There are many gastrointestinal disorders which can inhibit the absorption of essential vitamins and minerals from food. Under normal circumstances, you should be able to get enough nutrients from a well-balanced diet, but you may need to take vitamin and mineral supplements if you have gastrointestinal disorders.
You should always check with your doctor before taking any kind of supplement as each disorder is different, and therefore will react differently to supplements. Additionally, you want to stay within the Recommended Daily Intake (RDI) unless otherwise prescribed by your doctor.
1. Vitamin C
Too much of this vitamin may cause symptoms of gastrointestinal disorders such as gas, abdominal cramps or diarrhea. But, in moderation it can be used as a laxative, and it also helps to better absorb iron.
2. Vitamin D
A deficiency of vitamin D can contribute to Crohn’s disease, which is a gastrointestinal disorder. Vitamin D also helps to absorb calcium and can be obtained naturally from the sun as well as from certain types of mushrooms.
3. Vitamin B12
A deficiency of vitamin B12 may lead to memory loss and dementia. If you are suffering from Celiac or Crohn’s disease, you may not be able to absorb enough from your food. Therefore, you may need a supplement, especially if you are vegetarian, as vitamin B12 is mainly found in animal proteins.
Calcium carbonate has a constipating effect, so it is good for diarrhea. But, when calcium is combined with magnesium, known as calcium citrate, it can help to relieve constipation. When taking calcium supplements in either form, you should also take vitamin D as it will help you to better absorb the calcium.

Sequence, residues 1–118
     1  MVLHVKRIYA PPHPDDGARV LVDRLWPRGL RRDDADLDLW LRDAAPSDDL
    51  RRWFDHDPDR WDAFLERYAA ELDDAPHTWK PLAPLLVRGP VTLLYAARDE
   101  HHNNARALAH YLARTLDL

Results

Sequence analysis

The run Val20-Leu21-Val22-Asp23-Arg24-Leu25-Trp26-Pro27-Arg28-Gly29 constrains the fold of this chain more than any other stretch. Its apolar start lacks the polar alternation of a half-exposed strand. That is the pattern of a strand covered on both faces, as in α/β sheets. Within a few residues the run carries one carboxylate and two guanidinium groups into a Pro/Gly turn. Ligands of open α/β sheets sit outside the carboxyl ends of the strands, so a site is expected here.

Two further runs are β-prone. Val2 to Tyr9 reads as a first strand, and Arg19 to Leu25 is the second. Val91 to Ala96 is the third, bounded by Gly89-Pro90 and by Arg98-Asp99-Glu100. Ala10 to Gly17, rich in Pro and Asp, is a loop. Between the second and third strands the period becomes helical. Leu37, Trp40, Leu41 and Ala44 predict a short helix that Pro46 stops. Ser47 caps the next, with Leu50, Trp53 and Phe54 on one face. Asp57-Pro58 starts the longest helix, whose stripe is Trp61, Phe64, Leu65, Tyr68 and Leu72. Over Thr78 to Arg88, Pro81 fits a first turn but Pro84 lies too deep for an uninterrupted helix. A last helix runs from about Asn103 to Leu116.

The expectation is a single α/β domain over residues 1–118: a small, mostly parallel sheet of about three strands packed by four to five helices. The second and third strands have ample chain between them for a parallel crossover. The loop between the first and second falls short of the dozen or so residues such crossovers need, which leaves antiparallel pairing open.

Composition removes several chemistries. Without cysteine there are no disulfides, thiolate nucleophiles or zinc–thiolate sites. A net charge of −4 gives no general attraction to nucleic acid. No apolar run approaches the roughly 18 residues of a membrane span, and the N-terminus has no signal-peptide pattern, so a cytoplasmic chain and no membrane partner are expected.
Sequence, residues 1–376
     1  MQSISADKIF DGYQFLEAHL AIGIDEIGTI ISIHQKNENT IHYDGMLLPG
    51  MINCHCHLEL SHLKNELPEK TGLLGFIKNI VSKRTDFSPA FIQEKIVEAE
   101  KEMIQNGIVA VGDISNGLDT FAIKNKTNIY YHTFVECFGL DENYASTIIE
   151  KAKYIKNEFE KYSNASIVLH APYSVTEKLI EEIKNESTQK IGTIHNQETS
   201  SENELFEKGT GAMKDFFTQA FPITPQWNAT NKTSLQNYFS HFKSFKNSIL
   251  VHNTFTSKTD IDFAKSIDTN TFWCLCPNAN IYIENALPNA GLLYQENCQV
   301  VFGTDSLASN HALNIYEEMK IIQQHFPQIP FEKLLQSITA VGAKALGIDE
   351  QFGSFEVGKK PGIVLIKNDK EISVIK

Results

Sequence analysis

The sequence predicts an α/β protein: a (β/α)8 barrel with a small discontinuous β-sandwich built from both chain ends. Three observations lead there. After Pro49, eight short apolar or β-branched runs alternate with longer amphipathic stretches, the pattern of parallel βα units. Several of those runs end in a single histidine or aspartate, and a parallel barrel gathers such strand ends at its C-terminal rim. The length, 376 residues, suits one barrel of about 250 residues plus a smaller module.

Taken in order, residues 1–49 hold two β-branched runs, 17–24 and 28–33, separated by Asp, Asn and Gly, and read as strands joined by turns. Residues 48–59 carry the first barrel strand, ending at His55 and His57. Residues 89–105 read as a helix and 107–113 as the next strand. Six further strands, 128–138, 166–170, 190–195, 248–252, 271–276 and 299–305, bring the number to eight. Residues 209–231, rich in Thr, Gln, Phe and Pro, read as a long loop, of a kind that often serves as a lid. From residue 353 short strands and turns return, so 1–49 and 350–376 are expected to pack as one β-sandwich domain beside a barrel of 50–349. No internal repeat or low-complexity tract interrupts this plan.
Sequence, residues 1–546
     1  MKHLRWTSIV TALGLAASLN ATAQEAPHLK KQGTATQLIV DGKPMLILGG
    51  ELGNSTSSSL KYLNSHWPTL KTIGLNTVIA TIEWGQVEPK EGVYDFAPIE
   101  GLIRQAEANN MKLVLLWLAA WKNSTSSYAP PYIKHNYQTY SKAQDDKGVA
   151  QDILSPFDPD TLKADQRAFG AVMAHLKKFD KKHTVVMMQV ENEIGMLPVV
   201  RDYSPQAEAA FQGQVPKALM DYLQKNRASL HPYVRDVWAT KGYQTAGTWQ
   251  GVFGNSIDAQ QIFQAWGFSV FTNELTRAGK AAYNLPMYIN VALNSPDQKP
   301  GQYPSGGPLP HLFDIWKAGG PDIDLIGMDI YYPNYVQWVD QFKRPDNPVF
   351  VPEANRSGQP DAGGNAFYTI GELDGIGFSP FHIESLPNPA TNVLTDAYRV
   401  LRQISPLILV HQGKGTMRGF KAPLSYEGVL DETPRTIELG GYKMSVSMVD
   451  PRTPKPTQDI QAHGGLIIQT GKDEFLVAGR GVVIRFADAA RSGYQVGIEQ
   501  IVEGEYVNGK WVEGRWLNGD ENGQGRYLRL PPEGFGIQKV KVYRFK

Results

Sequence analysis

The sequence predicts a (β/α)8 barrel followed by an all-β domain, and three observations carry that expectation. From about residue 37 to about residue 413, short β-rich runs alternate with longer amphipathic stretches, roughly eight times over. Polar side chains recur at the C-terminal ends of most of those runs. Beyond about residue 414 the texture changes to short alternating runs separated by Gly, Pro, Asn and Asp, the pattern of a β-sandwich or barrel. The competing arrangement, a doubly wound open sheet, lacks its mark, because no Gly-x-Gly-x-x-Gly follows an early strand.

Magnesium is a laxative which can be taken for hard stools. It is important to keep the magnesium and calcium levels balanced or it may be harmful.
If you are suffering from Crohn’s disease, or ulcerative colitis, you may be low on this essential trace mineral. Even though the body does not need much, it is still important that you get your daily dosage of it. It has important antioxidants which help the body to get rid of free radicals, which can damage the cells.
Some gastrointestinal disorders which cause inflammation of the small intestine may result in poor absorption of iron. If you need to take iron and are already taking calcium, you will want to take the two at different meals, as iron inhibits the absorption of calcium. It is best absorbed when taken with vitamin C. Iron may cause an upset stomach or constipation.
If you find that you are having reactions to the supplements, check the ingredient label to see if they contain any lactose, artificial colors or preservatives, as it may be these ingredients which you are sensitive to. You may also want to try and take them in smaller dosages, or try taking them in liquid or powder forms. Never take any supplements on an empty stomach, but always take them with your meals.
Also, make sure to eat lots of fresh fruits and vegetables, as they contain valuable nutrients which cannot be extracted and put into pills.